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Professor faces Senate Judiciary Committee

February 26, 2009

Indiana University Maurer School of Law - Bloomington professor Dawn Johnsen faced the U.S. Senate Judiciary Committee Wednesday as part of the nomination process to become the next assistant attorney general in the Office of Legal Counsel, the office that advises the president on legal matters.

Johnsen, who was introduced by Sen. Evan Bayh, D-Indiana, faced the senators along with David S. Kris, nominated to be assistant attorney general in the National Security Division.

Among the questions asked was how Johnsen's experience as acting assistant attorney general and as deputy assistant attorney general in the Office of Legal Counsel from 1993 to 1998 would apply now. Johnsen and the senators referenced "Principles to Guide the Office of Legal Counsel," written by Johnsen with the help of 19 former Office of Legal Counsel attorneys in late 2004 to reflect on the office's nonpartisan role.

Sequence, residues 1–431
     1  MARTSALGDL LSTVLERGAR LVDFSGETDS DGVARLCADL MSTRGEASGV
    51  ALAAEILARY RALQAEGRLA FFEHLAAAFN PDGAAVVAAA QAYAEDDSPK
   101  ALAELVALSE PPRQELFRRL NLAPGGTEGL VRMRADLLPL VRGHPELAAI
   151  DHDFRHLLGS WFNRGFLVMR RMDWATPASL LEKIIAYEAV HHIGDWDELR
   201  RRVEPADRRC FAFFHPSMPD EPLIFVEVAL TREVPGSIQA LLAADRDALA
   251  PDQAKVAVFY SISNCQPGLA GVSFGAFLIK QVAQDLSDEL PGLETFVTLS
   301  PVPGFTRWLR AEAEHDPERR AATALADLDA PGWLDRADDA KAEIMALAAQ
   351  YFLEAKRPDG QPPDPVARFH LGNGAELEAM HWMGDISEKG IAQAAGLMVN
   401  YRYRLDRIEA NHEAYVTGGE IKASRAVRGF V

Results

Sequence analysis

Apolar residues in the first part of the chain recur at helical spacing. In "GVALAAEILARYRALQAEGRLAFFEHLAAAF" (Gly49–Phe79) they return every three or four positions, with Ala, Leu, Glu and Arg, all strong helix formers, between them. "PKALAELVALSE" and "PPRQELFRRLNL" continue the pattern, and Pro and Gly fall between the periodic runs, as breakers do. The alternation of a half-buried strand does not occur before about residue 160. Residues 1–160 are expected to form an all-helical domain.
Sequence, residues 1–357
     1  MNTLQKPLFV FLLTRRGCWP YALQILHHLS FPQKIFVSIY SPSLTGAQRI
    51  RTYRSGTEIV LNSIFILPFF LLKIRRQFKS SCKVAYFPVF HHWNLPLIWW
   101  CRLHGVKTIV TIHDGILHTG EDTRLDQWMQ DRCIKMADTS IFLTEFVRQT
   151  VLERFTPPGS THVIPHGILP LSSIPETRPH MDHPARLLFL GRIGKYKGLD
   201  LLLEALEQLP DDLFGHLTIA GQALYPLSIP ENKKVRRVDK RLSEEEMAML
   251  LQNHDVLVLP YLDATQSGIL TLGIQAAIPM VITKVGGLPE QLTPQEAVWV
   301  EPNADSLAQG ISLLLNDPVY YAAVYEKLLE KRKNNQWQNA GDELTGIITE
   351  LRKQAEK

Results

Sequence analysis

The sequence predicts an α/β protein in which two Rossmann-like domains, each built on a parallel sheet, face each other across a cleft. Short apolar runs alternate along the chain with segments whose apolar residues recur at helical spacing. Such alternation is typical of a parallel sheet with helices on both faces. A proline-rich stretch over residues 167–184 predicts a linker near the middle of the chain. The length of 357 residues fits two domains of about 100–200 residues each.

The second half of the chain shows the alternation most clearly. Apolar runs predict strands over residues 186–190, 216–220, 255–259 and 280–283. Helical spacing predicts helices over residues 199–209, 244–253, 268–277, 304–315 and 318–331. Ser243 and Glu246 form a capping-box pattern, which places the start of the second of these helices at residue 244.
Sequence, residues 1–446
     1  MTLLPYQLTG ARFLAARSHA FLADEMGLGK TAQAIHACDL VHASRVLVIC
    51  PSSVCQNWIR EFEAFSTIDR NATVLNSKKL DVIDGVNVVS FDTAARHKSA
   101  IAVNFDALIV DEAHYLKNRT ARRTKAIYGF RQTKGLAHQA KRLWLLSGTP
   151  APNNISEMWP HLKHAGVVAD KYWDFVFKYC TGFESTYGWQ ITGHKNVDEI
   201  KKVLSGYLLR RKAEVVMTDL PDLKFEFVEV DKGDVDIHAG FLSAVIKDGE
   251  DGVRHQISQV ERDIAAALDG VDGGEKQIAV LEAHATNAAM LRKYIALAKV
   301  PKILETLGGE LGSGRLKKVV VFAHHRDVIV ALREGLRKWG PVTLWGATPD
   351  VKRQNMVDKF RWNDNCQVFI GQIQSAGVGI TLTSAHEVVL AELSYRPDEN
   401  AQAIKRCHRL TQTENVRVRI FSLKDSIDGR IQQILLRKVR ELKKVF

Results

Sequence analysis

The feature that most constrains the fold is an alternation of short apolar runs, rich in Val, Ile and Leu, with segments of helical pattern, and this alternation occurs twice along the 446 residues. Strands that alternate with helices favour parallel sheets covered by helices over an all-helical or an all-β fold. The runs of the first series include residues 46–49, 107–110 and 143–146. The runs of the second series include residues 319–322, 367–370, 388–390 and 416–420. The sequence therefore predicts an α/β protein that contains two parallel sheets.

While the Democrat senators who questioned Johnsen openly agreed with her political views, they were concerned that instead of serving as a neutral advisor to President Barack Obama, her opinions would lead to advice from the office to serve a particular, left-leaning agenda. Johnsen has written a number of academic papers criticizing the Bush Administration and was legal director of NARAL Pro-Choice America from 1988-1993.

Johnsen said her job would be strictly to uphold the rule of law.

The senators also asked her about her thoughts on confidential orders by the Office of Legal Counsel, including those issued during the Bush Administration.

Johnsen said the issue of transparency between the Office of Legal Counsel and Congress was a top priority for her, adding that if there were any conflicts between the office's interpretation of the law and Congress' interpretation of the law, she would prefer the two would come to an understanding before the Office of Legal Counsel would make a decision.

At the end of the hearing, Sen. Dianne Feinstein, D-California, said the record typically remains open for a week to accept further questions in writing. If Johnsen gets an affirmative vote from the committee, her nomination will move to the full Senate for a vote.

The two-hour hearing is available as a webcast using Real Player. Johnsen's completed questionnaire, letters of recommendation, and published works are also available on the committee's Web site.

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